The extent to which the makers of tridactyl dinosaur footprints can be identifi ed depends on the extent to which their foot skeletons can be told apart. We examined this question for non-avian theropod dinosaurs (NATs) and large ground birds, making additional comparisons with functionally tridactyl, bipedal – or potentially bipedal – ornithischians. For birds we measured distances across the trochleae of the tarsometatarsus, and for NATs, the lengths of metatarsals II–IV. For birds, NATs, and ornithischians we measured the lengths and widths of individual phalanges and the aggregate lengths of digits II–IV. Metatarsal, digital, and phalangeal proportions distinguish some genera among dinosaurs (including birds). At higher taxonomic levels, pedal features are useful but not infallible proxies for the systematic affi nities of birds and non-avian dinosaurs. Our results suggest that the parameters commonly used to describe tridactyl dinosaur footprints can often be used to provide a minimum estimate of the number of trackmaker taxa within an ichnofauna and that similarity in footprint shape is useful but not always a trustworthy indicator of phylogenetic relationships of trackmakers.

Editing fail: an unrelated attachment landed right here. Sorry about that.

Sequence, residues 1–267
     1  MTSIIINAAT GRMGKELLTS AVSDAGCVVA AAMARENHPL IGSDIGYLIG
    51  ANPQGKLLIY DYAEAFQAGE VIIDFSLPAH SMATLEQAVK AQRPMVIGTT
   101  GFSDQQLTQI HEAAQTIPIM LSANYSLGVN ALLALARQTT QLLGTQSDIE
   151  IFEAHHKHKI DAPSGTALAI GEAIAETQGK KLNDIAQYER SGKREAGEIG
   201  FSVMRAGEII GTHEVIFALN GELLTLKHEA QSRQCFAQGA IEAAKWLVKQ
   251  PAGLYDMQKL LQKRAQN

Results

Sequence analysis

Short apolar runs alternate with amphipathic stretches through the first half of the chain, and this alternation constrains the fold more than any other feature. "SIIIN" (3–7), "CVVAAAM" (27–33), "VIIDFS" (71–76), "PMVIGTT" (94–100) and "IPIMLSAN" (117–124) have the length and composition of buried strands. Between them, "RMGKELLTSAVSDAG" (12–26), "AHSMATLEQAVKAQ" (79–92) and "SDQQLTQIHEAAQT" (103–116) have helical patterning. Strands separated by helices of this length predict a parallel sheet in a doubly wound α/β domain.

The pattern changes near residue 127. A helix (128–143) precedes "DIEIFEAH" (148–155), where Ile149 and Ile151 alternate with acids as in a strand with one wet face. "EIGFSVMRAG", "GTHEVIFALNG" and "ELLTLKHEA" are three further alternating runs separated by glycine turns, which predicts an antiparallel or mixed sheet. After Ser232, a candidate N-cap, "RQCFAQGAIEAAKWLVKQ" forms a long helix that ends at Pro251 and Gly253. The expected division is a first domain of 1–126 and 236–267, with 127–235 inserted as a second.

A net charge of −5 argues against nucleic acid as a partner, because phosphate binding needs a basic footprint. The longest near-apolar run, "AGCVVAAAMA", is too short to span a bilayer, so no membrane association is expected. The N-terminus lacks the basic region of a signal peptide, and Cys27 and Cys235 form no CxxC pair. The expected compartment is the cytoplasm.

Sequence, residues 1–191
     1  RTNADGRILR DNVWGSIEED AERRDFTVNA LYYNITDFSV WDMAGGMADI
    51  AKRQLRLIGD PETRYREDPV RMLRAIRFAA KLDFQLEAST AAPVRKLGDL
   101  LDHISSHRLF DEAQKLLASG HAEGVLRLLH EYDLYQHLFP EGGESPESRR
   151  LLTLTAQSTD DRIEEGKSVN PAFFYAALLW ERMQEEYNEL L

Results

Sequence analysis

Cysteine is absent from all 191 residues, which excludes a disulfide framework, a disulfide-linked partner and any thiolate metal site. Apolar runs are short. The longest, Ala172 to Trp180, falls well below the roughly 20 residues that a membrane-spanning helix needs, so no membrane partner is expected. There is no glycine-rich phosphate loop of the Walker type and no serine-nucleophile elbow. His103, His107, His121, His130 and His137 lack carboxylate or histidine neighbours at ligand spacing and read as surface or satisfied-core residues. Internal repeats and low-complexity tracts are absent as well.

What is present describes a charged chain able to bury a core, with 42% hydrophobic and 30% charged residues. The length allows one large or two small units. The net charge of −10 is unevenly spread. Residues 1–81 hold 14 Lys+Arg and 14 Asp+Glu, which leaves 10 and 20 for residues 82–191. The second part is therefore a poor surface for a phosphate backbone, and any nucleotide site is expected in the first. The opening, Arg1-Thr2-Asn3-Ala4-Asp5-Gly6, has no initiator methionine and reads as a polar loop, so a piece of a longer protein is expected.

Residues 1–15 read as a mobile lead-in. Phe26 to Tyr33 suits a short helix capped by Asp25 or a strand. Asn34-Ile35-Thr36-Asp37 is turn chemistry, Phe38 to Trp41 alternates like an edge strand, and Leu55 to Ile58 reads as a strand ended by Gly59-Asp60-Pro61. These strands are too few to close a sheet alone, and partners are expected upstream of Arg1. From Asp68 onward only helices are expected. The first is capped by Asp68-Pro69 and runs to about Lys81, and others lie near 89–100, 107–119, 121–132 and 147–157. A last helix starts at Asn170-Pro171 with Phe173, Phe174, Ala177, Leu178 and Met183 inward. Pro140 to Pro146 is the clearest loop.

|Title of host publication||Tyrannosaurid Paleobiology|
|Publisher||INDIANA UNIVERSITY PRESS|
|Number of pages||46|
|Publication status||Published - 1 Jan 2013|